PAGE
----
There are a number of other controllable diseases that can impact sheep businesses and vet Peter Aitken from Westpoint Vets says it’s vital to establish whether these diseases exist in the flock so any future losses can be mitigated.
“Many farmers were worried about Schmallenberg, but in some cases of abortion or low scanning rates, there is likely to be something else going on, such as enzootic abortion or toxoplasmosis,” he comments.
“If you don’t know your enzootic abortion or toxoplasmosis status, do something about it.”
“If you don’t get on top of these other diseases, then you could have losses from Schmallenberg with enzootic abortion and toxoplasmosis on top of that,” explains Mr Aitken.
It may be too late to vaccinate against abortion this season, however analysis of abortion material and recording losses will be critical to establish the cause and to allow an effective control plan to be implemented to prevent losses next season.
Schmallenberg will still pose a problem for many producers this coming lambing season, and consequently many shepherds will be faced with some difficult lambings.
But how should you deal with a deformed lamb? Vet Peter Aitken runs through how to deal with these cases to reduce the likelihood of damaging a ewe:
- Lambing a deformed lamb will be like pulling a square peg out of a round hole
- Know your limitations – it’s not the case of having to call the vet with every difficult lambing, but if it’s beyond your skills, make the call
- If the lamb feels misshapen or if legs are inflexible, it may be Schmallenberg
- A lamb infected with Schmallenberg can have brittle bones, which break easily and can tear the ewe
- Always use plenty of lubricant
Recording events at and around lambing offer clues to why losses are happening. The EBLEX Better Returns Programme suggests five key measures that will indicate where the problems lie:
1. Ewes tupped The total number of ewes/ewe lambs put to the tup.
2. Lambs scanned Scanning percentage, usually calculated by the scanner, is the number of lambs scanned divided by the number of ewes put to the tup, multiplied by 100.
3. Lambing percentage The number of lambs born alive divided by the number of ewes put to the tup, multiplied by 100. When compared with lambs scanned, this indicates how many lambs have been lost during pregnancy. This can highlight health problems such as infectious abortion or nutritional deficiencies.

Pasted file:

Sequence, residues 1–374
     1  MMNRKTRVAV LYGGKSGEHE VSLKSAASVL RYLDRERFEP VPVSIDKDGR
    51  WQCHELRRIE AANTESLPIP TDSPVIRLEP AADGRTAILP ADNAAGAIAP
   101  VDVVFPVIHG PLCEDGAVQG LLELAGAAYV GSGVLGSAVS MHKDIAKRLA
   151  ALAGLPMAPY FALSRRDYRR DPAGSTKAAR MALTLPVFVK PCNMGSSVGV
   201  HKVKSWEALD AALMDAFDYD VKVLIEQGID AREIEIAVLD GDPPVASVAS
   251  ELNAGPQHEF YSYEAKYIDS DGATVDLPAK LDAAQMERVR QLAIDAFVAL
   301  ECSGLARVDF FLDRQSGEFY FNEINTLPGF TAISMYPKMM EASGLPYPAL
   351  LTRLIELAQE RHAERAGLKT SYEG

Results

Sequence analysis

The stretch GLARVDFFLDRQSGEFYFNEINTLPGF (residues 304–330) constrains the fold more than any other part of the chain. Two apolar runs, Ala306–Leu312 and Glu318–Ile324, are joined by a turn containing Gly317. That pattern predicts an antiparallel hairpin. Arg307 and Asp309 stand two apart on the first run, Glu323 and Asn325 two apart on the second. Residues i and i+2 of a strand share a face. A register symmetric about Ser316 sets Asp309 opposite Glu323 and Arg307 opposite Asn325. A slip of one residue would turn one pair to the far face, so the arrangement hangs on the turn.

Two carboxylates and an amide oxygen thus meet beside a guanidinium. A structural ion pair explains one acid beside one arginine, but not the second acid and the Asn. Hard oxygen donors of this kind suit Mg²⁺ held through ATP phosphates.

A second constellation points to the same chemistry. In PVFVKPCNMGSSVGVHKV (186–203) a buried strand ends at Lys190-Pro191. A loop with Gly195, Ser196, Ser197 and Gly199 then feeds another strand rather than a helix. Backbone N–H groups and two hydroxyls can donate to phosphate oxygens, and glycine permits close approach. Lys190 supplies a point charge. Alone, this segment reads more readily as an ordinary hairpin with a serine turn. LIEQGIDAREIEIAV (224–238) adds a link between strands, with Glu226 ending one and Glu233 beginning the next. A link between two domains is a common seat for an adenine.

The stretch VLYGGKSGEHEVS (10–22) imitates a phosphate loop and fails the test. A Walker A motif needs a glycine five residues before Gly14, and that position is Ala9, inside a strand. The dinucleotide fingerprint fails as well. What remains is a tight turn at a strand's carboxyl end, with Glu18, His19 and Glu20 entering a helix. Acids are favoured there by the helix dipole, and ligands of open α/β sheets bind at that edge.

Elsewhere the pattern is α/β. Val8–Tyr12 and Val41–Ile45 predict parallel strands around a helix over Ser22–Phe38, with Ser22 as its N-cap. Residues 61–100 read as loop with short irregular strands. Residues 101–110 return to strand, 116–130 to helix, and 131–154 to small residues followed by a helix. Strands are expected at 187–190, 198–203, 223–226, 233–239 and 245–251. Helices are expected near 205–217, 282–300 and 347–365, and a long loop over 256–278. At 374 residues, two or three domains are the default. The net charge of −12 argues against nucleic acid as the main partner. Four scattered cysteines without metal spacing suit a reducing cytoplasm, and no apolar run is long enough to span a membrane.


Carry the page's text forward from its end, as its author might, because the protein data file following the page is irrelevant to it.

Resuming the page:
4. Lambs turned out When compared with lambs born, this shows how many lambs are lost during the first days of life. A fall in numbers could indicate underlying health problems, hygiene issues or problems with colostrum intake.
5. Rearing percentage The number of lambs reared divided by the number of ewes put to the tup, multiplied by 100. Comparing rearing percentage, or lambs weaned/sold, with lambs turned out, gives an indication of mortality during the lambs’ first few months. These losses are more likely to be related to health problems such as inadequate control of worms and infectious diseases.
Where ewes lamb outdoors, “lambing percentage” and “lambs turned out” may be replaced by a figure for “lambs tailed”.
When a sheep aborts, isolate it and send abortion material to your vet.
Ensure the material is as fresh as possible and representative of typical abortion seen on farm.
Treat all material as hazardous – it may pose a risk to human health.
Place material in a double bag, tie it up and store in a plastic container.
William Hurley: Pedlinge Farm, Hythe, Kent
Vaccinating against toxoplasmosis and exposure to Schmallenberg last year may well have protected William Hurley from a surge in lamb losses this year.
Mr Hurley describes an increase in abortion levels in the run-up to lambing last year as a “wake-up call” to the importance of vaccinating replacements.
“We used to vaccinate all our bought-in replacements for enzootic abortion and toxoplasmosis, but due to a shortage in vaccine availability one year, we let it lapse,” he explains.
The flock of 720 mainly Mule ewes usually experiences abortion levels of about 2%, but last year this rose to about 6%. At the start of 2012, Mr Hurley was beginning to hear reports of Schmallenberg in early lambing flocks in Sussex, but hoped he would be protected by lambing later in March.
However, in the 10 days before the start of lambing, he suddenly had three twin-carrying ewes abort. “Two out of the three tested positive for both Schmallenberg and toxoplasmosis,” he says. “However, we never saw any lamb deformities.”
This year, the farm has gone back to vaccinating all replacements against toxoplasmosis as an insurance policy, with the flock scanning at 185% and less than 3% barren.
“There’s no vaccine for Schmallenberg so, by vaccinating against toxo, we’re protecting against what we can control,” Mr Hurley says.
“I would advise all sheep farmers to get any abortion material tested and if it shows things that can be vaccinated against – vaccinate.”